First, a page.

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"Weak" Retail Sales Can't Move the Dow Jones Today. Will Next Month Bring a Crash?

When presented with two contradictory sets of economic data -- one offering a sunny assessment and the other doom and gloom -- the one we choose to believe will say more about us than it will about the numbers. Pessimists have seized on the steep drop in America's first-quarter GDP as evidence that the economy is faltering. Optimists have eagerly pointed out that virtually every other key piece of economic data point released in the past month shows sustained growth, interrupted briefly but not derailed by an exceptionally miserable winter. Each new data release gives us a clearer picture of the economy's progress, and today's monthly update of American retail sales figures  from the U.S. Department of Commerce has given both optimists and pessimists more ammunition for their arguments.

June's retail sales grew at a month-over-month rate of just 0.2%. While narrowly positive, it was an underwhelming growth rate for a retail sector that many had expected to rebound from the winter with above-average sales. While economists had expected  to see retailers post total growth of 0.6%, the result was hardly out of line with the relatively narrow range by which retail sales have grown on a month-over-month basis. As a result, the Dow Jones Industrial Average (DJINDICES: ^DJI  ) moved in a pretty narrow range as well today, finishing effectively flat as 14 of its 30 components eked out gains:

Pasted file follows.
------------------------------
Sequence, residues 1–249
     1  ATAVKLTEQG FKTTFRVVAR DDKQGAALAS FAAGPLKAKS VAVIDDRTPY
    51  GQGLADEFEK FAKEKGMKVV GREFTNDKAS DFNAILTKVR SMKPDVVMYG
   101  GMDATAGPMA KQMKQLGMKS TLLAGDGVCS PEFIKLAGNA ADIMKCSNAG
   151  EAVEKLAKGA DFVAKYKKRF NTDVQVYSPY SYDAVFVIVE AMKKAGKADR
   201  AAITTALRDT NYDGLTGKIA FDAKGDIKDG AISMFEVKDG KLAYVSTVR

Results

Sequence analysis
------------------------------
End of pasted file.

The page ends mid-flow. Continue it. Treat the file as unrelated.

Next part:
Source: U.S. Department of Commerce.

Retail sales were hindered by one of the weakest months for auto sales since the recession ended in 2009. "Core" retail, which excludes the impact of auto sales (including parts) and gas-station purchases, actually grew by 0.4%. Auto-related purchases were the largest overall drag on the retail sector, with a 0.3% month-over-month decline trailed in nominal dollar terms only by a full percentage-point drop in home-improvement store sales. June's month-over-month drop wasn't the worst this sector has experienced lately, and when we look at auto sales on a year-over-year basis, it looks more reasonable -- a small dip in what's otherwise been the most consistently strong retail sector in the American economy since the recession ended: